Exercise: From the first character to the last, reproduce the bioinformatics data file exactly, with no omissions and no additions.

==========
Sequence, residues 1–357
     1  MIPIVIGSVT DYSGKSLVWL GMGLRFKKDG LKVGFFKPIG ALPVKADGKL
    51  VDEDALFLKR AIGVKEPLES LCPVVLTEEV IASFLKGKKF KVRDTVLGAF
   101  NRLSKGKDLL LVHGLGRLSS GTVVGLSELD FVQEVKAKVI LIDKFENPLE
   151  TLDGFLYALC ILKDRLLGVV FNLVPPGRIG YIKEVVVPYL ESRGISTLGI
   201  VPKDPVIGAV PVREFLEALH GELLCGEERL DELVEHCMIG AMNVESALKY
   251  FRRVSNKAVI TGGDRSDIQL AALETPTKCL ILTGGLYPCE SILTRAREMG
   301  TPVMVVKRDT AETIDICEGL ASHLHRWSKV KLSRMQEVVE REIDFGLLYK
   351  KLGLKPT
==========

Sequence, residues 1–357
     1  MIPIVIGSVT DYSGKSLVWL GMGLRFKKDG LKVGFFKPIG ALPVKADGKL
    51  VDEDALFLKR AIGVKEPLES LCPVVLTEEV IASFLKGKKF KVRDTVLGAF
   101  NRLSKGKDLL LVHGLGRLSS GTVVGLSELD FVQEVKAKVI LIDKFENPLE
   151  TLDGFLYALC ILKDRLLGVV FNLVPPGRIG YIKEVVVPYL ESRGISTLGI
   201  VPKDPVIGAV PVREFLEALH GELLCGEERL DELVEHCMIG AMNVESALKY
   251  FRRVSNKAVI TGGDRSDIQL AALETPTKCL ILTGGLYPCE SILTRAREMG
   301  TPVMVVKRDT AETIDICEGL ASHLHRWSKV KLSRMQEVVE REIDFGLLYK
   351  KLGLKPT